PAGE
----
Building on a successful season

Jarrod Hardke, University of Arkansas

DR. JARROD HARDKE
ARKANSAS
Asst. Professor/Rice Extension
Agronomist
University of Arkansas Cooperative
Extension Service
jhardke@uaex.edu

It’s nice to see rice prices improved over this point last year. With that in mind, an increase in rice acres seems guaranteed— possibly a large increase. The success seen in 2017 points toward several viable planting options for 2018.

Hybrid seed should be more available this season than last. But with increased demand likely, it’s difficult to know how far the increase will go. RT XP753 continues to be the highest yielding cultivar in our testing programs. It will be in high demand and likely occupy a large number of acres.

RT CLXL745 has been planted on the largest amount of acreage for several years and likely will be again. RT Gemini 214 CL was planted on limited acreage in 2017 but was very successful and should be a good option for growers looking to secure Clearfield hybrid seed and possibly improve grain yield and milling yield above RT CLXL745.

For Clearfield varieties, 2017 was definitely a good year for CL151. Early planting combined with low disease pressure helped this variety to again do very well for growers. However, CL153 and CL172 are competitive and offer improved disease packages and resistance to lodging. These should help to provide some yield stability among Clearfield varieties.

Conventional varieties should trend heavily toward Diamond. This variety saw a surge in acres in 2017, its first year of commercial availability. With its high yield potential and continued performance beyond that of Roy J, LaKast and older varieties, acres should further increase this year. Plenty of seed should be available, but again acreage increases may make seed supplies tighter.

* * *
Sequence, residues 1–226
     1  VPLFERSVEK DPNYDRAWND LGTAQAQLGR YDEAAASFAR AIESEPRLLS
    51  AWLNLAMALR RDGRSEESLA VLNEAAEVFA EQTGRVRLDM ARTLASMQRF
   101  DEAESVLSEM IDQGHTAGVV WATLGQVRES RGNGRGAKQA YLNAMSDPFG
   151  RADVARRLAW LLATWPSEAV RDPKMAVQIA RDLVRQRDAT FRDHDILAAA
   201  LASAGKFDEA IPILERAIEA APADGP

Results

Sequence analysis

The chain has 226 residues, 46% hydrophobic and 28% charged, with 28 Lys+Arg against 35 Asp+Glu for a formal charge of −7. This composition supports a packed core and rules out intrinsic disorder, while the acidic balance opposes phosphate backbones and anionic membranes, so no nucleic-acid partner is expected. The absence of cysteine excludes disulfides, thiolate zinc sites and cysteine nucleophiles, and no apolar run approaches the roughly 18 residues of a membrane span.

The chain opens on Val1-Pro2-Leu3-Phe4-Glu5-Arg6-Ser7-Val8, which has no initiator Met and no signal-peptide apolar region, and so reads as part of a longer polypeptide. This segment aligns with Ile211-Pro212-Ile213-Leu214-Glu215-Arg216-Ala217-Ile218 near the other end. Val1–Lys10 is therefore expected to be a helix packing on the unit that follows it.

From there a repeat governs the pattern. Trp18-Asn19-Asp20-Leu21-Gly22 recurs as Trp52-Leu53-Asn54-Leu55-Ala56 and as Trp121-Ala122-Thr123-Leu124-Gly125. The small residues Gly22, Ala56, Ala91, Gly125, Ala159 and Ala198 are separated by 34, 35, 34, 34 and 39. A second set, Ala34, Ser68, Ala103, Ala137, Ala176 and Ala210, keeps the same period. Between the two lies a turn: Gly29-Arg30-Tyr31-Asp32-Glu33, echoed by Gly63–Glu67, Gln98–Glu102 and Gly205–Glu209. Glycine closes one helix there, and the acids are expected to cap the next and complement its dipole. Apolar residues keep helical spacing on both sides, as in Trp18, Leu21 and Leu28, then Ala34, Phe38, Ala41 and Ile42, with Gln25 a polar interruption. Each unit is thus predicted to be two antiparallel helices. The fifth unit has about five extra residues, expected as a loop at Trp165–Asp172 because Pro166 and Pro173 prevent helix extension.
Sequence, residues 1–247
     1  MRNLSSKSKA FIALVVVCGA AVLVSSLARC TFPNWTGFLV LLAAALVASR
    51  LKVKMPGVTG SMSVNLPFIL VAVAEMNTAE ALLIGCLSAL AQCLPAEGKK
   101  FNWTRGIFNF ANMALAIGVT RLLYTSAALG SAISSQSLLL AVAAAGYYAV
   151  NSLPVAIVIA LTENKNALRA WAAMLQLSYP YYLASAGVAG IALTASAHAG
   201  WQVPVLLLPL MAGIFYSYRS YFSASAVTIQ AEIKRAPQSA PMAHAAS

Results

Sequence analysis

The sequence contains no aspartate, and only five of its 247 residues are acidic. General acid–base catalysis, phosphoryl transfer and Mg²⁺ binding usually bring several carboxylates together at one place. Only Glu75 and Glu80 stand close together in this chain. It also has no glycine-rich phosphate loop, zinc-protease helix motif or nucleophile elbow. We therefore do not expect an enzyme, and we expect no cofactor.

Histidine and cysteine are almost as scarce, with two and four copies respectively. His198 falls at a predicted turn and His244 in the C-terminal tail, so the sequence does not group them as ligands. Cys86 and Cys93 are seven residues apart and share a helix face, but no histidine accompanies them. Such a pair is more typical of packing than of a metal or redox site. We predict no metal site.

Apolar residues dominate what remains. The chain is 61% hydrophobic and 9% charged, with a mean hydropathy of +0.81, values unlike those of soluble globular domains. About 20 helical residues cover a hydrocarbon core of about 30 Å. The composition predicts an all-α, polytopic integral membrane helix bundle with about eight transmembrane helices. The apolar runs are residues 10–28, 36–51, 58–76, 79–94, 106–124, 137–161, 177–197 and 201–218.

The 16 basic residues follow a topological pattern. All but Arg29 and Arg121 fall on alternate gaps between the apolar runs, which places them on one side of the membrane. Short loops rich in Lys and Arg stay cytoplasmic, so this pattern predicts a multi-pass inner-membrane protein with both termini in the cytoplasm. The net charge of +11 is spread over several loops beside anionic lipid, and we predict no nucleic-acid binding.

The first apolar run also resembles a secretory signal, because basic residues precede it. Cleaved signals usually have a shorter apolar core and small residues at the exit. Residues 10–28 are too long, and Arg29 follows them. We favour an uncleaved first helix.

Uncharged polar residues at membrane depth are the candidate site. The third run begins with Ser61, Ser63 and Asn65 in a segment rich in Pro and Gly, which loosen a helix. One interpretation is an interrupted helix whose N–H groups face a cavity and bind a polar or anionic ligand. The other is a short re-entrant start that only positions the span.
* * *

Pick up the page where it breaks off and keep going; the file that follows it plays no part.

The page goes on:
Medium-grain acreage will likely increase along with total acres in 2018. Titan performed extremely well and has shown to be a strong competitor with Jupiter. Titan is five to 10 days earlier in maturity and on average outyields Jupiter.

Growers shifting to Titan should keep in mind that medium grains are more sensitive to head rice yield reductions when harvested at low moistures. Titan’s faster maturity means harvest cannot be delayed or milling may be impacted. Market opportunities exist, but Titan has yet to receive full approval by all markets.

Continue to spread risk among various cultivars, and be aware of their advantages and disadvantages in specific situations. Place cultivars in fields where they have the greatest opportunity to succeed — don’t try to adapt the field to the cultivar.

The included table presents the results for selected cultivars in the Arkansas Rice Performance Trials and on-farm testing from 2015-2017. Note that some cultivars have only been tested for two years and this affects their three-year average. Additional information can be found at http://www.uaex.edu/rice.

university of arkansas yield trials